Harry Mushlin, Daina M. Brooks, Joshua Olexa, Bryan J. Ferrick, Stephen Carbine, Gerald M. Hayward II, Brandon S. Bucklen and Charles A. Sansur
The sacroiliac joint (SIJ) is a known source of low-back pain. Randomized clinical trials support sacroiliac fusion over conservative management for SIJ dysfunction. Clinical studies suggest that SIJ degeneration occurs in the setting of lumbosacral fusions. However, there are few biomechanical studies to provide a good understanding of the effect of lumbosacral fusion on the SIJ. In the present study, researchers performed a biomechanical investigation to discern the effect of pelvic versus SIJ fixation on the SIJ in lumbosacral fusion.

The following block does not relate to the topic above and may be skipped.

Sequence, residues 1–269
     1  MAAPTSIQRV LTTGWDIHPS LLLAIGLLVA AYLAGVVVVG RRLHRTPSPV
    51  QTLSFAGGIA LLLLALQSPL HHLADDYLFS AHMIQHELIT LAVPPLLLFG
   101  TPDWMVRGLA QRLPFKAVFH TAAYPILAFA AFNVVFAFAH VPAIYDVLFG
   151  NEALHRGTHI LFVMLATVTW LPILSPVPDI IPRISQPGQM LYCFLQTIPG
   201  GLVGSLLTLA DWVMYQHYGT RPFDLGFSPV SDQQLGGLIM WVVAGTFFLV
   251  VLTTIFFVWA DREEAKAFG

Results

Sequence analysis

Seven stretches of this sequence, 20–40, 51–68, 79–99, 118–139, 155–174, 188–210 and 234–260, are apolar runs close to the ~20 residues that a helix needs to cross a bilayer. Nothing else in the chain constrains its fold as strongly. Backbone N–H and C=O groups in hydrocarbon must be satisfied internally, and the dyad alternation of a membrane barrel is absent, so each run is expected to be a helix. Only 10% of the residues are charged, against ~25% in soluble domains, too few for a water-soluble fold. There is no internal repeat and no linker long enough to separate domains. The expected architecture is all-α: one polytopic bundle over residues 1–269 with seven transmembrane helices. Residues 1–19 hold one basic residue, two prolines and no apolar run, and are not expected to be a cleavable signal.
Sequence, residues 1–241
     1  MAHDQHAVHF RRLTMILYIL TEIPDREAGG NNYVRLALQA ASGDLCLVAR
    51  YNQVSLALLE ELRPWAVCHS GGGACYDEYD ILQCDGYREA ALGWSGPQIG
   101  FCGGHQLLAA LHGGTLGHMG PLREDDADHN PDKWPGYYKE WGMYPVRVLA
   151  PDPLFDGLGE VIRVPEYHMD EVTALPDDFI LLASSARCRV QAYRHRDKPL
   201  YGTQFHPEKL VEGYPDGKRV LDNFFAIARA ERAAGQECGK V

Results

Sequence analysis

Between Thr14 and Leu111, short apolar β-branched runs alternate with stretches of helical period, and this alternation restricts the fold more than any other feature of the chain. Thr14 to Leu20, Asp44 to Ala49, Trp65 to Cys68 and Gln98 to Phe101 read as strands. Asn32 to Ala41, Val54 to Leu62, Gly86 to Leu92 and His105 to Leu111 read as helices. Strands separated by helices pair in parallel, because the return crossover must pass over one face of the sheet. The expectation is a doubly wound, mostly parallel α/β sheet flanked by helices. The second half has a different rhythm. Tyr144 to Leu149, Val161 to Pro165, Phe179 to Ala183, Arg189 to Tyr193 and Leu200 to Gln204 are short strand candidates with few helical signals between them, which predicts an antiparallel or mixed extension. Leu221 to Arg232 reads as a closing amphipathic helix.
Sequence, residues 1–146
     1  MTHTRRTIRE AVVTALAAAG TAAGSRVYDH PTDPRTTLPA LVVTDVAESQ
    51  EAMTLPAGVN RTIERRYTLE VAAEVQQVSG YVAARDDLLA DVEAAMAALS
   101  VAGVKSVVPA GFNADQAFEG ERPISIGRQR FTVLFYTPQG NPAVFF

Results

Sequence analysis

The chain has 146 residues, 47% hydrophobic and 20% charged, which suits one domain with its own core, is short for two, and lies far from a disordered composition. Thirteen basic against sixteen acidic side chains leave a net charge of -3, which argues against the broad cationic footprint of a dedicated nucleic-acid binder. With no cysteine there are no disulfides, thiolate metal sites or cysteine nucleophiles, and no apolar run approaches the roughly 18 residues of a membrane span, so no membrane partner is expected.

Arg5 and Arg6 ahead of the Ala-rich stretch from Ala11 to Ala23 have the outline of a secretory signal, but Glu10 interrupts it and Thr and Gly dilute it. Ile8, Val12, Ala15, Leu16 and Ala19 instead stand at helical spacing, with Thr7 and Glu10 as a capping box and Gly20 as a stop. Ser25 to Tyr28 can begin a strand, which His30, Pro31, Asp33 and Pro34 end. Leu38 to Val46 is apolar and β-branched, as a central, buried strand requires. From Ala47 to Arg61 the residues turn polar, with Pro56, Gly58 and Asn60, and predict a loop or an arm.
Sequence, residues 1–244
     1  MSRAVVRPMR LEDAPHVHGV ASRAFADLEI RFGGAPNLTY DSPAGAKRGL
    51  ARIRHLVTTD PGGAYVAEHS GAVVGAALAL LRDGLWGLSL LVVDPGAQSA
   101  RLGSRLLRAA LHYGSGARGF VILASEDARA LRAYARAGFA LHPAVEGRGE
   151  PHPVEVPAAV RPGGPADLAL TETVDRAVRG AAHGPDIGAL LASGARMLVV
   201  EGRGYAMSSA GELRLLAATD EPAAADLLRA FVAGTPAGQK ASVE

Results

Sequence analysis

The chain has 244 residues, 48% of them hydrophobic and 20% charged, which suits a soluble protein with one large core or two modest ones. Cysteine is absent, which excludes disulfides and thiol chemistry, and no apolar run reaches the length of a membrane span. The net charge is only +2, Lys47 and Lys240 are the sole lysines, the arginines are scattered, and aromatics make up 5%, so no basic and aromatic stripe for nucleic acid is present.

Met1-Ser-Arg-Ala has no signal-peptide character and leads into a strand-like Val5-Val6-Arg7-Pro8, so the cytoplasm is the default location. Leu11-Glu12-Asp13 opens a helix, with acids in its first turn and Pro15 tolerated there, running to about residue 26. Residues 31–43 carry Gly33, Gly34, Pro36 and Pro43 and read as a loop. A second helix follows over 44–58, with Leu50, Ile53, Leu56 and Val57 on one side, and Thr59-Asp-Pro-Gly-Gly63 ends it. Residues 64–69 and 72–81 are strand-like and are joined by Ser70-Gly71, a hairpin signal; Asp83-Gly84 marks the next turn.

Seven fresh-frozen human cadaveric specimens were used. There was one intact specimen and six operative constructs: 1) posterior pedicle screws and rods from T10 to S1 (PS); 2) PS + bilateral iliac screw fixation (BIS); 3) PS + unilateral iliac screw fixation (UIS); 4) PS + UIS + 3 contralateral unilateral SIJ screws (UIS + 3SIJ); 5) PS + 3 unilateral SIJ screws (3SIJ); and 6) PS + 6 bilateral SIJ screws (6SIJ). A custom-built 6 degrees-of-freedom apparatus was used to simulate three bending modes: flexion-extension (FE), lateral bending (LB), and axial rotation (AR). Range of motion (ROM) was recorded at L5–S1 and the SIJ.